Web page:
I was walking along the Troitsky Street and suddenly I saw that the man who was walking towards me was asleep. There could be no doubt whatever about this. Although his eyes were open, he was walking along obviously immersed in dreams which ran like clouds across his face. ~ P. D. Ouspensky
In the same passage Ouspensky comes to this conclusion:
I understood even then with undoubted clarity, that no phenomena of a higher order, that is, transcending the category of ordinary things observable every day, or phenomena which are sometimes called ‘metaphysical,’ can be observed or investigated by ordinary means, in an ordinary state of consciousness. ~ P. D. Ouspensky
There are many examples of this. For instance the idea of human type exists as a part of esoteric knowledge. There are a few books about it, and various theories about how it works and how many types there are. Now if you have this knowledge, you can begin to work out your type and the types of your friends. You can work it out by studying the knowledge and by making deductions from the way your friends look and act. In other words you can ‘investigate by ordinary means.’ But to actually see type, to see it in yourself and in other people, you need to observe other people from higher centers. Type is part of essence, and in order to observe essence, you need to be above it, that is, you need to be functioning from the higher emotional center.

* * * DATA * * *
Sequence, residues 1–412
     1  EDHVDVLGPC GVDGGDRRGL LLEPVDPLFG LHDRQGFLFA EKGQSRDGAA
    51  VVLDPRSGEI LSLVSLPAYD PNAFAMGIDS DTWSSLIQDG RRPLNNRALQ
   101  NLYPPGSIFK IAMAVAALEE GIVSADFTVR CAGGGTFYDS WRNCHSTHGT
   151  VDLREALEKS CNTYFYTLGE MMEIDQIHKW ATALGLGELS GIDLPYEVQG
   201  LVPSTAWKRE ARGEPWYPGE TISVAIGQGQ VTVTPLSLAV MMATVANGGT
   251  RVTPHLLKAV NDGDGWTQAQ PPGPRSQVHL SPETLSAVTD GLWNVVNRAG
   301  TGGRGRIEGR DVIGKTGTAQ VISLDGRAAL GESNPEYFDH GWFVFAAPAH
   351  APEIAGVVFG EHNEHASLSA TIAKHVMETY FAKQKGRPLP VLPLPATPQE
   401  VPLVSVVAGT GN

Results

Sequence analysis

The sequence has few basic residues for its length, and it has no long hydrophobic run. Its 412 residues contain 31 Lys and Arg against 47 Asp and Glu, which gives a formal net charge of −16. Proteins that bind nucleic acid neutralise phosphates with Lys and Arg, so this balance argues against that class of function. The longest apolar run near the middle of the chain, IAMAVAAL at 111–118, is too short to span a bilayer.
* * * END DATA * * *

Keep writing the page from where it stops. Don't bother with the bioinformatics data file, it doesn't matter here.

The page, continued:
Here’s another interesting point. If you didn’t know about type, and yet had a consistent connection with higher centers, would you discover it? To put this question in another way: if you had the being to observe type, but not the knowledge of it, would find it? I believe the answer to this is not necessarily. I think it would depend on your essence and your interests. If you were interested in the differences and similarities between people, and if you were willing to give some time and attention to this problem, then you might discover it. But this should be clear. Higher centers do not give specific information. They give us a larger and deeper and more energetic frame of reference, which we can use in any way we see fit.
In the end the study of knowledge is only a small portion of fourth way; the focus of system is on finding ways to connect to higher centers, or, to say it another way, the focus is on change of being. In general people can agree that men differ in the amount of knowledge they possess–a man may be more knowledgeable or less knowledgeable than another man–but it is a little more tricky to see that two men may possess a different being, especially in relation to spiritual matters. The simplest way to think about being is that it is the capacity to use knowledge; it is an accumulated mass of experience in a particular area or subject.